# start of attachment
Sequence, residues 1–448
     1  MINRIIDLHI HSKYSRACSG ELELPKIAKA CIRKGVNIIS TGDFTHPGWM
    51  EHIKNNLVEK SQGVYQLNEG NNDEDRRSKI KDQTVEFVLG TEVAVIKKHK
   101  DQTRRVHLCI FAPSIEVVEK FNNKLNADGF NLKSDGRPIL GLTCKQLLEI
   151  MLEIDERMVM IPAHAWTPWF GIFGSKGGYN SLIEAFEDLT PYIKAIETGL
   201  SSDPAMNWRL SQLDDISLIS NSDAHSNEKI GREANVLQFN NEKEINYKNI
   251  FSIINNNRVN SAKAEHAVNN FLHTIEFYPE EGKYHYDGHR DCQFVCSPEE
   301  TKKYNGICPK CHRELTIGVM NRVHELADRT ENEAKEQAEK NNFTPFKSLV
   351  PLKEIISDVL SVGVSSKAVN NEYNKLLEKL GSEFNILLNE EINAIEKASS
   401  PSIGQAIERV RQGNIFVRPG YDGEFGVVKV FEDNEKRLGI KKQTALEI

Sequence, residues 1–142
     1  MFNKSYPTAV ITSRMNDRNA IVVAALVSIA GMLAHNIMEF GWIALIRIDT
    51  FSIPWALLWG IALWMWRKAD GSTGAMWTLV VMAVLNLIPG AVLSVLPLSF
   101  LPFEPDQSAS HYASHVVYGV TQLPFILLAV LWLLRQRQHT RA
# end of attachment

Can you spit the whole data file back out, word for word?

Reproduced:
Sequence, residues 1–448
     1  MINRIIDLHI HSKYSRACSG ELELPKIAKA CIRKGVNIIS TGDFTHPGWM
    51  EHIKNNLVEK SQGVYQLNEG NNDEDRRSKI KDQTVEFVLG TEVAVIKKHK
   101  DQTRRVHLCI FAPSIEVVEK FNNKLNADGF NLKSDGRPIL GLTCKQLLEI
   151  MLEIDERMVM IPAHAWTPWF GIFGSKGGYN SLIEAFEDLT PYIKAIETGL
   201  SSDPAMNWRL SQLDDISLIS NSDAHSNEKI GREANVLQFN NEKEINYKNI
   251  FSIINNNRVN SAKAEHAVNN FLHTIEFYPE EGKYHYDGHR DCQFVCSPEE
   301  TKKYNGICPK CHRELTIGVM NRVHELADRT ENEAKEQAEK NNFTPFKSLV
   351  PLKEIISDVL SVGVSSKAVN NEYNKLLEKL GSEFNILLNE EINAIEKASS
   401  PSIGQAIERV RQGNIFVRPG YDGEFGVVKV FEDNEKRLGI KKQTALEI

Sequence, residues 1–142
     1  MFNKSYPTAV ITSRMNDRNA IVVAALVSIA GMLAHNIMEF GWIALIRIDT
    51  FSIPWALLWG IALWMWRKAD GSTGAMWTLV VMAVLNLIPG AVLSVLPLSF
   101  LPFEPDQSAS HYASHVVYGV TQLPFILLAV LWLLRQRQHT RA